Why would my bash function supplement jokers for variables?


In my ~/.bash_aliases:

function wtf (){
  echo $1;

Testing in bash:

>>  wtf t*


Now that I understand that bash is parsing my wildcard before passing it on, I thought I would share the function that I was building. Here's the final version of my recursive delete shortcut:

# delete recursively
function rmr () {
    find . -name "$1" -type f -delete -exec \
    echo $(tput setaf 1)"deleted >"$(tput setaf 2) {} \; ;

because you have a file called testes, and bash replaces t* with that before passing arguments to wtf(). You may have several files starting with t, but testes is the first, and wtf only echoes $1. If you replace $1 with $* you will see all of them.

E.g., if you have files testes and tumble (and no other file starting with t), and issue

wtf t*

bash will replace t* with testes tumble (space-separated) and then evaluate the line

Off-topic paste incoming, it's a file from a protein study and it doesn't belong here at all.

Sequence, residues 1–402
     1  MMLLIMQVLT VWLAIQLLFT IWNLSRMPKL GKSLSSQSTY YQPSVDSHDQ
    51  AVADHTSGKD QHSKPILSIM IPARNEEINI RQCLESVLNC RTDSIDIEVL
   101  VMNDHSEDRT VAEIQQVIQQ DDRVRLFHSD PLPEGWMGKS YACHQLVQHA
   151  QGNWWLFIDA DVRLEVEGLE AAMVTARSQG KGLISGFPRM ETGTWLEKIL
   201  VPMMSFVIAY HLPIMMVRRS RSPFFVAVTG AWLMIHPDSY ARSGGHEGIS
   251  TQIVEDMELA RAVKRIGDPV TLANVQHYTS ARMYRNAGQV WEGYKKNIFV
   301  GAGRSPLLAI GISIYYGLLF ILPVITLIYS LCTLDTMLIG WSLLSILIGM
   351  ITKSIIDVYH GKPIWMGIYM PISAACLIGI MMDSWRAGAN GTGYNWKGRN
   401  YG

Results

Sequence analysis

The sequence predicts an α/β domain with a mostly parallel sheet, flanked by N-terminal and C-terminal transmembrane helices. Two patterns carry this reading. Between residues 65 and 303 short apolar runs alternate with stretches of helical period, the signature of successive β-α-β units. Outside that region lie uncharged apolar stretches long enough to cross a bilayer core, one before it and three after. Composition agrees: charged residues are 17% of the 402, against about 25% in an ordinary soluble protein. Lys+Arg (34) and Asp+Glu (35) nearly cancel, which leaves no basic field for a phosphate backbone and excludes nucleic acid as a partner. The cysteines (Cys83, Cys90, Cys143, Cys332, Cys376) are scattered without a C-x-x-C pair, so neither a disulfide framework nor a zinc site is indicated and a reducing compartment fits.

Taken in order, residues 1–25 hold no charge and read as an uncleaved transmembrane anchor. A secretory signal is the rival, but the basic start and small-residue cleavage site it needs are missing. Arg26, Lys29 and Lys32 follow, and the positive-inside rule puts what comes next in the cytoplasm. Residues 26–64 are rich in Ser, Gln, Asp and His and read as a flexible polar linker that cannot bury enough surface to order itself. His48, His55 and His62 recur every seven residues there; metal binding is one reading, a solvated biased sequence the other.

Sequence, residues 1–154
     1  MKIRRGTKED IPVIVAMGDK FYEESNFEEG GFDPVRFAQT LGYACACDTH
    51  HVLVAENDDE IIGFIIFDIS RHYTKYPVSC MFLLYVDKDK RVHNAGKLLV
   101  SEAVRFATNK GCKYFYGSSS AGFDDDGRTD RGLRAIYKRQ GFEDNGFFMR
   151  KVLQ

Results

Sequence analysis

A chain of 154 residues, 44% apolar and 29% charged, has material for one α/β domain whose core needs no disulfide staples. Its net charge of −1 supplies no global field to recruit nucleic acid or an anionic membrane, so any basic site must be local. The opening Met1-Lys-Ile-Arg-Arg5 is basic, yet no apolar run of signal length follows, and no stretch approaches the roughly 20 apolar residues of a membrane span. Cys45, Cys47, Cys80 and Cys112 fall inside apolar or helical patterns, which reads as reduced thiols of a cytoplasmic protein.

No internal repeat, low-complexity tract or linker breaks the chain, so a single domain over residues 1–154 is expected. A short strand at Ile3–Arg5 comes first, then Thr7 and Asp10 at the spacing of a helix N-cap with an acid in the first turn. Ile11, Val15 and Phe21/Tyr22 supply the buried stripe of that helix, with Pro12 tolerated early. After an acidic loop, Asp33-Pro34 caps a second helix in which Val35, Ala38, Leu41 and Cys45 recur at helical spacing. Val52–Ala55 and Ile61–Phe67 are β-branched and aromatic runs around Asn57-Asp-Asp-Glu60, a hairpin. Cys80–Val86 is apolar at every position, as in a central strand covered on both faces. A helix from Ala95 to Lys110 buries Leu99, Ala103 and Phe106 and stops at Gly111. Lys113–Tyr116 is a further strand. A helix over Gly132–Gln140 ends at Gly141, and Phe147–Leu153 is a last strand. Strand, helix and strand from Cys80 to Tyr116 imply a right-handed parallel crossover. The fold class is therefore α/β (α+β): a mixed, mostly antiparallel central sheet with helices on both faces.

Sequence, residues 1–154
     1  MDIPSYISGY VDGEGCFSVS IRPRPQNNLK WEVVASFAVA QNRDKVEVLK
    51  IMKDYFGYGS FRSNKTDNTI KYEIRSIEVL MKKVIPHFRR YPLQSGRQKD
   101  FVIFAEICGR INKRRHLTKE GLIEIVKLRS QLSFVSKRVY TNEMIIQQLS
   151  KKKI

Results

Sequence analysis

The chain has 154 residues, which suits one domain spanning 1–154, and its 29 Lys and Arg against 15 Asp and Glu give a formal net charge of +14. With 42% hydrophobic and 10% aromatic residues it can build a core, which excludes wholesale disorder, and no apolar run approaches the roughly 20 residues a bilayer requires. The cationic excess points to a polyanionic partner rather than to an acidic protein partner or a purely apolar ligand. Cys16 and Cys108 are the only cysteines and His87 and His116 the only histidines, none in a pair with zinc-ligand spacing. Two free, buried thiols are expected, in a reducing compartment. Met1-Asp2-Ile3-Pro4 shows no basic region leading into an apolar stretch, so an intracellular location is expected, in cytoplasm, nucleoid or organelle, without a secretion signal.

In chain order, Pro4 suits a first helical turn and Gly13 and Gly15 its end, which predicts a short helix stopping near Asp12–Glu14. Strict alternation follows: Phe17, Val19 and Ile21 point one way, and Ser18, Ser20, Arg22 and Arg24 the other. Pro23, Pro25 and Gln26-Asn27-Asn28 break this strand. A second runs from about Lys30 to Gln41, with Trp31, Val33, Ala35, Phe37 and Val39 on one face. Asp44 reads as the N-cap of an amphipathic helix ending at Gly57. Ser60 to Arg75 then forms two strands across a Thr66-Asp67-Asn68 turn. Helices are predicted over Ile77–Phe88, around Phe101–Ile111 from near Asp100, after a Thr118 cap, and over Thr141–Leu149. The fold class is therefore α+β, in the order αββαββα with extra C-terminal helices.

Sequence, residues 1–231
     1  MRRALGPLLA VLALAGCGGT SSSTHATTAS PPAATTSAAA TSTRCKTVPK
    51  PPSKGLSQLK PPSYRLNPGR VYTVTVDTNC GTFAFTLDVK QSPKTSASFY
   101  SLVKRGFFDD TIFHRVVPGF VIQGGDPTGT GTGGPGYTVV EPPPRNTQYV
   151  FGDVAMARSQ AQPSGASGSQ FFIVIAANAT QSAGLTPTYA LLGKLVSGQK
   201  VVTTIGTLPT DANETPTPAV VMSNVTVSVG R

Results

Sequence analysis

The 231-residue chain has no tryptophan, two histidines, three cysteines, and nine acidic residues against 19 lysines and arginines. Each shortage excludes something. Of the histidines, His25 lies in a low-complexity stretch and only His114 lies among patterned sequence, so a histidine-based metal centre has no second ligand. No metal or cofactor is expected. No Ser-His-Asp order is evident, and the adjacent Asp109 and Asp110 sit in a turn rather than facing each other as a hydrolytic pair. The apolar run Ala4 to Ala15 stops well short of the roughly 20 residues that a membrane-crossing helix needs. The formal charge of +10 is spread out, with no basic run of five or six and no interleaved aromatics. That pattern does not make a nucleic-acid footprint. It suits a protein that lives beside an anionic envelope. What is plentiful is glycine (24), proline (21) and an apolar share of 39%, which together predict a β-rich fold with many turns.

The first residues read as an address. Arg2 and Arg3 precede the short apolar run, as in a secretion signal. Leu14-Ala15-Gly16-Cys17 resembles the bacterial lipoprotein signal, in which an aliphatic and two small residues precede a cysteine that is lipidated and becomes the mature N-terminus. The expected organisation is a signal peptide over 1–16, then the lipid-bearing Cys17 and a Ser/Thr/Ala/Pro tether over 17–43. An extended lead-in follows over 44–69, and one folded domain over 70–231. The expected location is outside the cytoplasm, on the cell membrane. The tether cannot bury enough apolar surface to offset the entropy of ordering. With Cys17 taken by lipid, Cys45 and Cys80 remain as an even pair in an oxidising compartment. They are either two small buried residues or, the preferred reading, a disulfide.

wtf testes tumble

which will cause wtf to be passed testes as $1 and tumble as $2.

If you don't want the shell to do filename expansion, you have to put quotes around your argument, like wtf 't*' or wtf "t*". Single quotes have the advantage of not only avoiding filename expansion, put also any other kind of expansion (e.g. parameter expansion and variable expansion). Filename (or pathname) expansion happens with *, ? (among others), parameter and variable expansion with $.

For the same reason, you must quote the argument of echo, this time in double quotes, because you want parameter expansion of $1 to happen, but don't want (again!) filename expansion to happen:

function wtf() {
  echo "$1"

man bash is your friend, there is a lot to learn.

Within man bash, type /^EXPANSION or /Pathname Expansion. See also /^QUOTING.